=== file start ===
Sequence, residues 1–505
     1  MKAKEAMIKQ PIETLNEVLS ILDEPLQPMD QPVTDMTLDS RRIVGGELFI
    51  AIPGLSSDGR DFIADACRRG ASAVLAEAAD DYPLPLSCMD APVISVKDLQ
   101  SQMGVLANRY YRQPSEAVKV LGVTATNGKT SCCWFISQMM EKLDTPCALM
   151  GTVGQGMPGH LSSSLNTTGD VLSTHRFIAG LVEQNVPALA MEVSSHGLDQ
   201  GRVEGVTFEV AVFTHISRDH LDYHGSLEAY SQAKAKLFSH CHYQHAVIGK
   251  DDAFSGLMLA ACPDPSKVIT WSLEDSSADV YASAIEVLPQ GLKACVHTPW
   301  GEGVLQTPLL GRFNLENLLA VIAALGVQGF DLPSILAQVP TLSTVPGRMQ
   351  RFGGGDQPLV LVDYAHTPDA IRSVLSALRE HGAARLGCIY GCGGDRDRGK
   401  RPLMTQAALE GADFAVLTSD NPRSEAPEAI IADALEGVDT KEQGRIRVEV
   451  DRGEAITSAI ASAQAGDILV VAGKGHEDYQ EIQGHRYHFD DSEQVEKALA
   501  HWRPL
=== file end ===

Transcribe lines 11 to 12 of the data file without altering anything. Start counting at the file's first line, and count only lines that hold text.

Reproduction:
   451  DRGEAITSAI ASAQAGDILV VAGKGHEDYQ EIQGHRYHFD DSEQVEKALA
   501  HWRPL